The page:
ABSTRACT: A key technical challenge in cartilage tissue engineering is the development of a non-invasive method for monitoring the composition, structure and function of the tissue at different growth stages. Due to its noninvasive, three-dimensional imaging capabilities and the breadth of available contrast mechanisms, Magnetic Resonance Imaging (MRI) techniques can be expected to play a leading role in assessing engineered cartilage. In this review, we describe new MR-based tools (spectroscopy, imaging and elastography) that can provide quantitative biomarkers for cartilage tissue development both in vitro and in vivo. Magnetic resonance spectroscopy (MRS) can identify changing molecular structure and alternations in the conformation of major macromolecules (collagen and proteoglycans) using parameters such as chemical shift, relaxation rates, magnetic spin couplings. Magnetic resonance imaging provides high-resolution images whose contrast reflects developing tissue microstructure and porosity through changes in local relaxation times and the apparent diffusion coefficient. Magnetic resonance elastography (MRE) uses low frequency mechanical vibrations in conjunction with MRI to measure soft tissue mechanical properties (shear modulus and viscosity). When combined, these three techniques provide a noninvasive, multi-scale window for characterizing cartilage tissue growth at all stages of tissue development, from the initial cell seeding of scaffolds to the development of the extracellular matrix during construct incubation, and finally to the post-implantation assessment of tissue integration in animals and patients.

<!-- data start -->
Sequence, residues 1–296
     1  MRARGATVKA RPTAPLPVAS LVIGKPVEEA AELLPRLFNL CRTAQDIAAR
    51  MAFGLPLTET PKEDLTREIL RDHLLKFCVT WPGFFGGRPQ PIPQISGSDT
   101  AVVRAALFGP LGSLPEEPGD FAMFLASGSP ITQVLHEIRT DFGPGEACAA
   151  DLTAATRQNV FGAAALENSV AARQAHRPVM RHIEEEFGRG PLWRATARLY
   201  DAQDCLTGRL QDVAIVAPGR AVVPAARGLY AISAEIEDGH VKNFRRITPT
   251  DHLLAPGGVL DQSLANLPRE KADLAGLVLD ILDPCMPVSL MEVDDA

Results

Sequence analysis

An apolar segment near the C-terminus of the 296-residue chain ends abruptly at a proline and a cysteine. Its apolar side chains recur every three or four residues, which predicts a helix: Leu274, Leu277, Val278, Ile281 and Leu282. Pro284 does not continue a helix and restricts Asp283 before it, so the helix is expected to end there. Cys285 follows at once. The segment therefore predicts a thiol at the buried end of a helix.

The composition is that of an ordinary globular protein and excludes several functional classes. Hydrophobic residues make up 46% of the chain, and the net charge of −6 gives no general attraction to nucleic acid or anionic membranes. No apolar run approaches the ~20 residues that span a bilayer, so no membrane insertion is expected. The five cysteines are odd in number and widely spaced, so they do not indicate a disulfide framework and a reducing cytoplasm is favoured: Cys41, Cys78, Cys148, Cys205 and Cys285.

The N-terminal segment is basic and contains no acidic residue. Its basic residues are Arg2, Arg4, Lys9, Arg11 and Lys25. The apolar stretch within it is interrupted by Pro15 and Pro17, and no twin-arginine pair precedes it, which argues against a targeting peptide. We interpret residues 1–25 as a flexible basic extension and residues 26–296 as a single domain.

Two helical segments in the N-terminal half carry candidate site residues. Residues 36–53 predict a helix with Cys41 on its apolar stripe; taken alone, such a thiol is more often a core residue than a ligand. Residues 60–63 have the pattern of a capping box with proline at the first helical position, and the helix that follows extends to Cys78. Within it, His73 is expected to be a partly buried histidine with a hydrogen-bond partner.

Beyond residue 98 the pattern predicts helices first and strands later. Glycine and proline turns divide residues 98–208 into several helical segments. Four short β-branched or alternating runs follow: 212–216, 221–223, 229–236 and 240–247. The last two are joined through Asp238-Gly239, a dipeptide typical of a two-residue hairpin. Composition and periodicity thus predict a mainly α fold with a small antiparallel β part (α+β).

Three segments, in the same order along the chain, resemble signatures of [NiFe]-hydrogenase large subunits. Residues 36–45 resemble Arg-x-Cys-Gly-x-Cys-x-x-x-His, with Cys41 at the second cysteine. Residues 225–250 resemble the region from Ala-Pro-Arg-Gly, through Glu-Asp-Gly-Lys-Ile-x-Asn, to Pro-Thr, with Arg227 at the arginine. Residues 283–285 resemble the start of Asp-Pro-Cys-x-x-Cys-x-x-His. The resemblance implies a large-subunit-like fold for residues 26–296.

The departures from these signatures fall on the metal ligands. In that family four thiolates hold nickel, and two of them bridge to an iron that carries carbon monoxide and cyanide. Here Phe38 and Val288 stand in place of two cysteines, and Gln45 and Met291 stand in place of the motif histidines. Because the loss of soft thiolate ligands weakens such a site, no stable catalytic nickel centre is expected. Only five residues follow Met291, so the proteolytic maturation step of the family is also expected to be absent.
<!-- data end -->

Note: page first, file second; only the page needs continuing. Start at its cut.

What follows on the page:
Tissue Engineering Part B Reviews 04/2013; · 4.64 Impact Factor
  • Source
    [Show abstract] [Hide abstract]
    ABSTRACT: We studied the tissue growth dynamics of tissue-engineered cartilage at an early growth stage after cell seeding for four weeks using sodium triple-quantum coherence NMR spectroscopy. The following tissue-engineering constructs were studied: 1) bovine chondrocytes cultured in alginate beads; 2) bovine chondrocytes cultured as pellets (scaffold-free chondrocyte pellets); and 3) human marrow stromal cells (HMSCs) seeded in collagen/chitosan based biomimetic scaffolds. We found that the sodium triple-quantum coherence spectroscopy could differentiate between different tissue-engineered constructs and native tissues based on the fast and slow components of relaxation rate as well as on the average quadrupolar coupling. Both fast (T(f) ) and slow (T(s) ) relaxation times were found to be longer in chondrocyte pellets and biomimetic scaffolds compared to chondrocytes suspended in alginate beads and human articular cartilage tissues. In all cases, it was found that relaxation rates and motion of sodium ions measured from correlation times were dependent on the amount of macromolecules, high cell density and anisotropy of the cartilage tissue-engineered constructs. Average quadrupolar couplings were found to be lower in the engineered tissue compared to native tissue, presumably due to the lack of order in collagen accumulated in the engineered tissue. These results support the use of sodium triple-quantum coherence spectroscopy as a tool to investigate anisotropy and growth dynamics of cartilage tissue-engineered constructs in a simple and reliable way. Copyright © 2013 John Wiley & Sons, Ltd.
    NMR in Biomedicine 02/2013; · 3.45 Impact Factor